7 interesting facts about the Geoffroy’s cat: it is the ghost of wildcats

Hangai Lilla

2024. June 1 - Photos: Getty Images Hungary

One of the North American continent's most versatile predators is the Geoffroy's cat, named after French zoologist Étienne Geoffroy Saint-Hilaire. This ferocious and skilful hunter is very rarely seen in the wild in its natural habitat, and as a result is rarely studied. That's why they call it the ghost of wildcats.


The world’s smallest wildcat, the Geoffroy’s cat still holds many interesting facts for us.

1.) They are at home everywhere

These kittens weigh about 3-5 kg and according to the Red List are not in endangered status. Indeed, their kingdom lasts as far as the eye can see, and sometimes even farther. They live and hunt in mountains, forests, savannahs, bush and grasslands.

2.) A real rarity in captivity

In captivity it is a real rarity, with just over 70 individuals living in zoos around the world. In Hungary, there is one pair in Nyíregyháza Zoo, who gave birth to a baby in 2020.

3.) Their furs are colour-changing

In the warmer, northern populations, the undercoat is darker, while in the cooler, southern populations it is silvery grey. The strangest Geoffroy’s cats are the ones that live in the wetter parts of the country, i.e. the muddy, wooded areas. They can be completely black. This helps them become invisible at night, making them even more effective hunters.

4.) Their feet are like models’

They have very long legs, which is very useful in many areas. For example, for those that live in wetter areas, it helps to keep them from sinking in floodplains. But it also helps them to climb trees, which is very useful when they are hunting or fleeing from predators.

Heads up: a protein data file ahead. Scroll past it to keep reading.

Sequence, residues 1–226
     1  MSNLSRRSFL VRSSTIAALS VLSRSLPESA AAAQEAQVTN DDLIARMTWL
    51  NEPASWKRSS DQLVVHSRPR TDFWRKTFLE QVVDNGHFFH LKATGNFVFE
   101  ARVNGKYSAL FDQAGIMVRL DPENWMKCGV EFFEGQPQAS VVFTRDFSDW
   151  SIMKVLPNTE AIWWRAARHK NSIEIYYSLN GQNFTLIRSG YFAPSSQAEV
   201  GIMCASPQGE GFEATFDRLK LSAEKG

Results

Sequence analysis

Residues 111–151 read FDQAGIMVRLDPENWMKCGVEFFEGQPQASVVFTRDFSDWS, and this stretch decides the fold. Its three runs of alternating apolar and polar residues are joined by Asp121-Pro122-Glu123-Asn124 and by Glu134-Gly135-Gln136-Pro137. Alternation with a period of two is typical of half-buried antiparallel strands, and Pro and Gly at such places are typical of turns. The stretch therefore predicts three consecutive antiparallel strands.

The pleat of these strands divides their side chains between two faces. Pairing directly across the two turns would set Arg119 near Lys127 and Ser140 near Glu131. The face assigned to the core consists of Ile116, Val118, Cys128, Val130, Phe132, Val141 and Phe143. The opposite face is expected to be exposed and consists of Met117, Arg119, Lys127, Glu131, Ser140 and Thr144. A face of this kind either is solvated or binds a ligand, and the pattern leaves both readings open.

In many cases, they have also been observed standing on their two hind legs to better observe the area around them.

5) They are similar to the serval in one respect

Although the serval lives in Africa, it shares a characteristic feature with the Geoffroy’s cat. Although the shape and size of their ears are different, both have a black back with a prominent white spot.

6) Poachers’ favourite

The primary habitat and hunting grounds of these cats are grasslands, so deforestation and human expansion have “less” impact on them. But poachers are keen to hunt them. Their fur is the second most traded in the world. Fortunately, the Convention on International Trade in Endangered Species of Wild Fauna and Flora makes it illegal to trade their fur in Argentina, Bolivia, Brazil, Chile, Paraguay and Uruguay, which has reduced the trade somewhat.

Geoffroy’s cat kittens.

7) Mama’s babies stay longer

They are essentially solitary, with males and females meeting only during the mating period. The litter usually contains 1-3 kittens and compared to domestic cats the kittens develop more slowly. Their eyes open around 18-19 days of age and they start eating solid food at 6-7 weeks. They start going hunting with their mum when they are 3 months old. They become independent at 8 months; females reach sexual maturity at 18 months and males at 2 years.

geoffroy-cat interesting facts about cats of interest serve wildcat

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